PMQs review: a narrow win for Miliband

Miliband embarrasses Cameron on growth but stumbles on Ed Balls and Andy Coulson.

To give David Cameron his due, he managed to say what George Osborne could not at today's PMQs. After his Chancellor's "leaves on the line" excuse for yesterday's disastrous growth figures, the Prime Minister admitted that the news was "disappointing" even when "you've excluded what the ONS say about the extreme weather".

Had Ed Miliband failed to get the better of the PM today, one could reasonably argue that he shouldn't be in the business of politics. And, with the exception of one notable misstep, he didn't fail.

Cameron repeated his mantra that "if you don't deal with your debts, you'll never have growth". To which the Labour leader, quick as a flash, shot back: "If you don't have growth, you'll never cut the deficit." Though few Conservatives will admit as much, the facts support Miliband. The deficit for 2009-2010 came in at £156.3bn (£21.7bn lower than the original Treasury forecast), a sign that Labour's policy of "going for growth" was beginning to fill the hole in the public finances.

The Prime Minister may have repeated his complaint that Miliband's lines were pre-scripted, but they were no less effective for it: "The difference was that when we left office, the economy was growing, now he's in office and it isn't", "He knows how to cut jobs but has no idea how to create them", and "It's hurting but it isn't working" (an inversion of John Major's memorable slogan "It hurt but it worked").

Cameron's insistence that we should be grateful that Britain is no longer linked with "countries like Greece and Ireland and Portugal" is less impressive when one recalls that the same man boasted that the recovery was gaining momentum under his government.

Miliband stumbled when he contrasted his wise decision to appoint Ed Balls as shadow chancellor with Cameron's foolish decision to cling to Andy Coulson. The PM was liberated to deliver his finest riposte since "son of Brown": if Miliband thinks Balls is such a good man, why didn't he appoint him in the first place?

Cameron just about shrugged off Miliband's claim that he is "arrogant" and "out of touch with people's lives", but it was the Labour benches who cheered when the Tory MP Jacob Rees-Mogg, resplendent in a double-breasted suit, invited the Prime Minister to endorse Margaret Thatcher's view that "there is no alternative". The PM squirmed in his seat but rose to provide Rees-Mogg with the answer he was looking for. Labour MPs were left to cheer the political equivalent of an own goal.

George Eaton is political editor of the New Statesman.

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How the Lib Dems learned to love all-women shortlists

Yes, the sitting Lib Dem MPs are mostly white, middle-aged middle class men. But the party's not taking any chances. 

I can’t tell you who’ll be the Lib Dem candidate in Southport on 8 June, but I do know one thing about them. As they’re replacing a sitting Lib Dem (John Pugh is retiring) - they’ll be female.

The same is true in many of our top 20 target seats, including places like Lewes (Kelly-Marie Blundell), Yeovil (Daisy Benson), Thornbury and Yate (Clare Young), and Sutton and Cheam (Amna Ahmad). There was air punching in Lib Dem offices all over the country on Tuesday when it was announced Jo Swinson was standing again in East Dunbartonshire.

And while every current Lib Dem constituency MP will get showered with love and attention in the campaign, one will get rather more attention than most - it’s no coincidence that Tim Farron’s first stop of the campaign was in Richmond Park, standing side by side with Sarah Olney.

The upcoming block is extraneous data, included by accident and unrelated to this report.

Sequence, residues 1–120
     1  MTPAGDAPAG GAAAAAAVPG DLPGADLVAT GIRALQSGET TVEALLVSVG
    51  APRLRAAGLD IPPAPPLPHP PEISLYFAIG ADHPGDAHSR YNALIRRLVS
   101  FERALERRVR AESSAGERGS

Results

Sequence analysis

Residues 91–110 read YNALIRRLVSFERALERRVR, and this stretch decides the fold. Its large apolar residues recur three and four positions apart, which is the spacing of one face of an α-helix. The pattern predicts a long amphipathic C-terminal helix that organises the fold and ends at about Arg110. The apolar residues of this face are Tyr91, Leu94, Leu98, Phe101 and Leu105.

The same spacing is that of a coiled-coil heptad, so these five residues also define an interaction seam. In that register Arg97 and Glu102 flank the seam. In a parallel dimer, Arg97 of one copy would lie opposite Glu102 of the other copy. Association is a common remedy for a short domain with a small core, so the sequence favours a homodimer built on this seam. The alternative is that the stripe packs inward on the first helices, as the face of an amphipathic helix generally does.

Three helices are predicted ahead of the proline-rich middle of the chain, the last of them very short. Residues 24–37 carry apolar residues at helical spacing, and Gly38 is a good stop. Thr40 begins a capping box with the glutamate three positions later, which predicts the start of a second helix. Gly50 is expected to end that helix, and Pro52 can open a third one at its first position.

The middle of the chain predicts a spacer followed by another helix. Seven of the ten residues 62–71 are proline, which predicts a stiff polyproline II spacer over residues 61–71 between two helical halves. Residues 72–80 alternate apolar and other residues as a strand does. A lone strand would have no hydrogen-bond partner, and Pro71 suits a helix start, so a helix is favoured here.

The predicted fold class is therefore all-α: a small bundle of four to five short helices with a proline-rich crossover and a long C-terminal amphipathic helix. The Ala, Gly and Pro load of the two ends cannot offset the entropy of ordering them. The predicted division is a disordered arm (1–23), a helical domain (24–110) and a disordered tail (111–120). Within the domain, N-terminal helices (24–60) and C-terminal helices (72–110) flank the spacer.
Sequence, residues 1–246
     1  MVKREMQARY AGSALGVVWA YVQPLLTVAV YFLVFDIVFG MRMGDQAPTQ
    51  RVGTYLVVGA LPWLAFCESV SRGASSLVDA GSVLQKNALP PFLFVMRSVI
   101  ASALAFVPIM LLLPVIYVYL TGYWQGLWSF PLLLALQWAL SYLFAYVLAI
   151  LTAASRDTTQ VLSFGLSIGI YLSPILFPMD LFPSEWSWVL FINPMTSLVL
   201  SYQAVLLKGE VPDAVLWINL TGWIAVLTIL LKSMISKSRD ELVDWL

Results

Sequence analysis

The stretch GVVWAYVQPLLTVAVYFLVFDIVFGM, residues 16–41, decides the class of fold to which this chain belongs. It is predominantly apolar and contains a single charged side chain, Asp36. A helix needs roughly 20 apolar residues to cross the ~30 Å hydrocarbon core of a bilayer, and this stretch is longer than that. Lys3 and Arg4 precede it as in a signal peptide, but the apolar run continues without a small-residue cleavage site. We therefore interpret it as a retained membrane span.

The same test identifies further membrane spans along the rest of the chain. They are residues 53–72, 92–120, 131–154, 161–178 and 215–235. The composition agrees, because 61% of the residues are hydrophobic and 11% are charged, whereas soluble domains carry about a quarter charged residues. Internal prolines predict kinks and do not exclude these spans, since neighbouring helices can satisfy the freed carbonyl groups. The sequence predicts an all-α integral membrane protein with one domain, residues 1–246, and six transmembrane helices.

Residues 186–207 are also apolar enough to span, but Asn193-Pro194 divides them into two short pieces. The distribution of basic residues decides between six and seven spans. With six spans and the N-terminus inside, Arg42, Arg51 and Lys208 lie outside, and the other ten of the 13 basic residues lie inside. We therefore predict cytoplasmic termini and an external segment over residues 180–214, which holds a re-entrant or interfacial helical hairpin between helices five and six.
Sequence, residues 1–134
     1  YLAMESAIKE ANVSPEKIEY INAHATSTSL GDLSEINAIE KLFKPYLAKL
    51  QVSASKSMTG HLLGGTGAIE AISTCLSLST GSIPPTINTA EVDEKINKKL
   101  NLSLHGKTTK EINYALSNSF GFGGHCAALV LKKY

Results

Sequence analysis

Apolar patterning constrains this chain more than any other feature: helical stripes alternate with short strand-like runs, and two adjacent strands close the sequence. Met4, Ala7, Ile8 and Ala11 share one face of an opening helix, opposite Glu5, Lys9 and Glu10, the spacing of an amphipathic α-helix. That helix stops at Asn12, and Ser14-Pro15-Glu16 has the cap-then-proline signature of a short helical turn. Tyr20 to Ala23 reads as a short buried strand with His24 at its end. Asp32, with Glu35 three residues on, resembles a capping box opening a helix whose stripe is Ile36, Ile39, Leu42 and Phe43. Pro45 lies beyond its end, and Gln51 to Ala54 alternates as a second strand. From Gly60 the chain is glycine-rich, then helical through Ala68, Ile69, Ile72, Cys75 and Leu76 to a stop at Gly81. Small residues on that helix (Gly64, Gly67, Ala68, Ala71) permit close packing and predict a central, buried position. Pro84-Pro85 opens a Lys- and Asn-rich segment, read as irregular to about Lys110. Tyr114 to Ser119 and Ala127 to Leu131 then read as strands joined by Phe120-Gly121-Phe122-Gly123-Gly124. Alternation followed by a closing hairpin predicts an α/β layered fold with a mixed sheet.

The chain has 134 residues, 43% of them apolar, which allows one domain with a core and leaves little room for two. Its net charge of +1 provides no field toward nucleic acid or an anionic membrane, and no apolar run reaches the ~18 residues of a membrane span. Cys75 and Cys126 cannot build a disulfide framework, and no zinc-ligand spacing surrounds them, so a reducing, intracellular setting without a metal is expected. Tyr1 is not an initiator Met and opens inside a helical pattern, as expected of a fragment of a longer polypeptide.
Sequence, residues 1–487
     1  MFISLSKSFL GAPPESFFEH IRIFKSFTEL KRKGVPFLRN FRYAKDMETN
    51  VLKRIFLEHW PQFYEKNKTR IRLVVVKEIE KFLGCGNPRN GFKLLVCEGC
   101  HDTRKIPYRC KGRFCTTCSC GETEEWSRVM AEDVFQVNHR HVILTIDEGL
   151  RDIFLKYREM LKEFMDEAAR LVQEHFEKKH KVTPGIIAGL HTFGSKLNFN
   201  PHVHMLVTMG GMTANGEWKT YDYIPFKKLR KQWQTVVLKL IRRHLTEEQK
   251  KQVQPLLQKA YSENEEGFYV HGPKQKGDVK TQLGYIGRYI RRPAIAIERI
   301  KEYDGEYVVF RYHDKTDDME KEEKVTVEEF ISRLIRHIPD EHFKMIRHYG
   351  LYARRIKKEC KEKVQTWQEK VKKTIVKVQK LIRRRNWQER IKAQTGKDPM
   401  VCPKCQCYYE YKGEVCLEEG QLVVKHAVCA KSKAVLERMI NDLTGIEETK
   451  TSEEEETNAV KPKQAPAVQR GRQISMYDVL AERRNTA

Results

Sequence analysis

How so?

Because the party membership took a long look at itself after the 2015 election - and a rather longer look at the eight white, middle-aged middle class men (sorry chaps) who now formed the Parliamentary party and said - "we’ve really got to sort this out".

And so after decades of prevarication, we put a policy in place to deliberately increase the diversity of candidates.

Quietly, over the last two years, the Liberal Democrats have been putting candidates into place in key target constituencies . There were more than 300 in total before this week’s general election call, and many of them have been there for a year or more. And they’ve been selected under new procedures adopted at Lib Dem Spring Conference in 2016, designed to deliberately promote the diversity of candidates in winnable seats

This includes mandating all-women shortlists when selecting candidates who are replacing sitting MPs, similar rules in our strongest electoral regions. In our top 10 per cent of constituencies, there is a requirement that at least two candidates are shortlisted from underrepresented groups on every list. We became the first party to reserve spaces on the shortlists of winnable seats for underrepresented candidates including women, BAME, LGBT+ and disabled candidates

It’s not going to be perfect - the hugely welcome return of Lib Dem grandees like Vince Cable, Ed Davey and Julian Huppert to their old stomping grounds will strengthen the party but not our gender imbalance. But excluding those former MPs coming back to the fray, every top 20 target constituency bar one has to date selected a female candidate.

Equality (together with liberty and community) is one of the three key values framed in the preamble to the Lib Dem constitution. It’s a relief that after this election, the Liberal Democratic party in the Commons will reflect that aspiration rather better than it has done in the past.

Richard Morris blogs at A View From Ham Common, which was named Best New Blog at the 2011 Lib Dem Conference

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